From Pull to Push – ImmobilienScout24 iOS & Android App
The concept of 'Pull to Push' is tackled in the tech industry everywhere currently. It's about making the services smarter, in order to offer new and relevant content to the user without any effort required by them.
Since the beginning of 2017, we at ImmobilienScout24 started to make our services more pull to push likely. For the apps we were over months working on a greater vision. We evaluated user needs and the needs of the business. The good thing: Pull to push is — when tackled right — a good solution for both sides. What might come first in mind when thinking about push is notifications. So did we start evaluating our notifications. We knew our existing solutions of mobile notifications wasn't great at that moment. As a result of other priorities, changing operation systems etc the notifications were more confusing as helpful - if we were honest. While iOS users just got notifications for their most recent executed search, Android users just got notifications for saved searches nor for the last search.
User testing via WhatsApp Messenger
We began with a 6-week remote user test. We recruited around 9 active users of our apps. They communicated via the WhatsApp messenger with us, sharing their real time experience, expectations, thoughts and so on. As a result we got a very clear sense of the users thoughts and also a bold statement to communicate within the company the importance of getting the stuff right. This kind of user testing is insanely easy to handle considering the amount of insight you can gather. Basically there is the possibility of all-day communication with the participant. You can go deeper into detail and have a chat straight away. Compared to a diary-user-test, this has much more benefits.
We came up with a bunch of new kinds of content for the apps. Simple things like an in-app notification for new messages by the realtor or a navigation bar bubble to indicate new results on the search tab. Most outstanding is the completely new home screen.
With the home screen, we created a space where we can offer the user all new and relevant content in a decent way. It’s simply not a thing to shout out everything via notifications. So some kind of content has to have a space outside of the result list and the notifications. But the home screen shouldn’t be a vendor's tray. So we put a lot of effort into the question: What is relevant to offer here - what’s not? It’s natural for a company and it’s departments, that they all want to have a piece of cake - they all want to promote they feature there. But it would become irrelevant and just feels like ads. So we decided to make the home screen fully personal. We started small and iterative. By the first release, we had a carousel of new properties regarding the users last search and a carousel of properties in surrounding areas of the search area. That is a pretty simple personalization, right? But relevant and so it’s a good start. By the time we introduced further elements, like recommended properties based on other users with similar searches. But more exciting as just carousels of properties: We promote monetization features when they might be relevant. For example: Is a user heavily looking for houses to buy, it might be relevant to bring them the topic of housebuilding closer.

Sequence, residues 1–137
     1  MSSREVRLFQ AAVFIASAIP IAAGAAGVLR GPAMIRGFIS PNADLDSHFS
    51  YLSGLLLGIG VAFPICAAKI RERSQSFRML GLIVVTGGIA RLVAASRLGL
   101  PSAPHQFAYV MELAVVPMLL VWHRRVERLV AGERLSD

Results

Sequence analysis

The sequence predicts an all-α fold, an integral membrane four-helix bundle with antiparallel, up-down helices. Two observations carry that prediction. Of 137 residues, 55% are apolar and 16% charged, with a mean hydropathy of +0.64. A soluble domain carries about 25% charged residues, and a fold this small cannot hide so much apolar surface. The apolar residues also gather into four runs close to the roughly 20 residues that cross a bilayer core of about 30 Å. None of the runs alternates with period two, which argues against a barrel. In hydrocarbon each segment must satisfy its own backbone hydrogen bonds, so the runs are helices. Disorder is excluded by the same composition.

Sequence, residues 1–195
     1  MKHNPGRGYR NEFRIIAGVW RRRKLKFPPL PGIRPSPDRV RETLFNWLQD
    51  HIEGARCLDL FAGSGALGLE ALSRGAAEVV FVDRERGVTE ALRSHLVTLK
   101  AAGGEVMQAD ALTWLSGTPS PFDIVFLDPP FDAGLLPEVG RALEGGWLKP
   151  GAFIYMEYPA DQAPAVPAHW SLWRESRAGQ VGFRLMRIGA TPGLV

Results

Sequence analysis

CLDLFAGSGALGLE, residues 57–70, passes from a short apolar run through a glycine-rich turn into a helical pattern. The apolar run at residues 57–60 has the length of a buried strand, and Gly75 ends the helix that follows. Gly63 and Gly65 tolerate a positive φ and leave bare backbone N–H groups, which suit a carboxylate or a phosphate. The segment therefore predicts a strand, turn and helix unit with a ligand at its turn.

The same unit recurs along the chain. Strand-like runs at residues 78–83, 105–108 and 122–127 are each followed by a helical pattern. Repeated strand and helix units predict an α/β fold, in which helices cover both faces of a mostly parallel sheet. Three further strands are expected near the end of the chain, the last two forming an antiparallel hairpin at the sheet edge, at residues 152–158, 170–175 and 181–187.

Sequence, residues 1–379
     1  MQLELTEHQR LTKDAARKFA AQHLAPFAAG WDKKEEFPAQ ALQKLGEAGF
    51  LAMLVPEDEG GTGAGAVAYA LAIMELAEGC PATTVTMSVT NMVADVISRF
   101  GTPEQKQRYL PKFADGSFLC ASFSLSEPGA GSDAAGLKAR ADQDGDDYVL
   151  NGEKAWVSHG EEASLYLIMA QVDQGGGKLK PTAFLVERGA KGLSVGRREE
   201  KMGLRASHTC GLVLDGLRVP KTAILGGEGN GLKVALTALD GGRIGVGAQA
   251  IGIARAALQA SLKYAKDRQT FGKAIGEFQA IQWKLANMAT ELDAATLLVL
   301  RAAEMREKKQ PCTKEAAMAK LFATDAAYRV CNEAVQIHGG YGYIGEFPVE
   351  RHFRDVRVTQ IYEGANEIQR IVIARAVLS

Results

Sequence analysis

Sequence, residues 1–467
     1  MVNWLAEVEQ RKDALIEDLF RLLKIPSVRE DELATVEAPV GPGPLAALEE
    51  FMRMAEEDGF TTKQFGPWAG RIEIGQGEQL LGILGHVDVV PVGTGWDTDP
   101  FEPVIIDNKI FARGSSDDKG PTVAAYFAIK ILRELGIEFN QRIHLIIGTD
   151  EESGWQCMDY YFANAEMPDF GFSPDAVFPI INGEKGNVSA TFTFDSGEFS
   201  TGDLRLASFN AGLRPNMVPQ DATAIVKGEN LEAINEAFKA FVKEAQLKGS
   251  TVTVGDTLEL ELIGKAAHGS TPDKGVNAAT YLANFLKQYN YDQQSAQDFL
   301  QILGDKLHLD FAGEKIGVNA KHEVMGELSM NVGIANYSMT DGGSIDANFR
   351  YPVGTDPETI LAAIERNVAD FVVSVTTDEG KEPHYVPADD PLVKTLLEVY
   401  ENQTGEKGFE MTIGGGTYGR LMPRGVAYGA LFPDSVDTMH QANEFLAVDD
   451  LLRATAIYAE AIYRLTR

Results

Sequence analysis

The tiles have a format that invites the user to interact with. The tiles are cutting the edge of the screen, so that the user knows - there's more and he can swipe. Also since pictures of properties are mostly hard to view when small, we defined a good size to get enough out of the pictures but put enough tiles on the screen. Same goes for the meta information underneath.
So we designed a new way to get to the filter but also we redesigned the existing one. We had A/B tests running on the new home screen and the new entry to the filter against the old version. It turned out, that the new way with the filter behind a button was actually used less. So might users not find the way to the filter? No, the carousel of last searches with its link to jump into the full list of results makes the execution via the filter simply irrelevant. So it was a success, both - filter entry and carousels.
Step by step - minimal valuable product
Here’s how we approached releasing all that great stuff. Our teams were working highly collaborative. The product management was constantly on the exchange with us designers. So kept constantly track of new features being released. We worked in 2 weeks release trains. By the end of any release train, the whole team evaluated what to do in the next 2 weeks. Product and design offered a direction but developers were always welcome to question that - and the other way around. Besides that, the team was holding a showcase to show what was archived to the whole team. Also within this meeting, the team got updated by the about following statistics: A/B Testing, User Testing, Conversion Rate, User Satisfaction rate, User Reviews, Sessions, Enquiry Reate, Downloadrate and more.
So by A/B Testing, we could simply compare a new feature against the origin way. Sharing the recent user testing makes future design decision more understandable. With the User Satisfaction Rate, we measured how happy the user was at that moment. In this statistic we involved user feedback be it from app stores reviews or e-mail. Next to it, we kept track of the sessions rate. So when the sessions might break down, we could track back if a certain feature might have impacted it. Important to keep in mind: Sometimes it's good to increase sessions by a feature, sometimes it's not. (Also it is depending on the business goals of course.)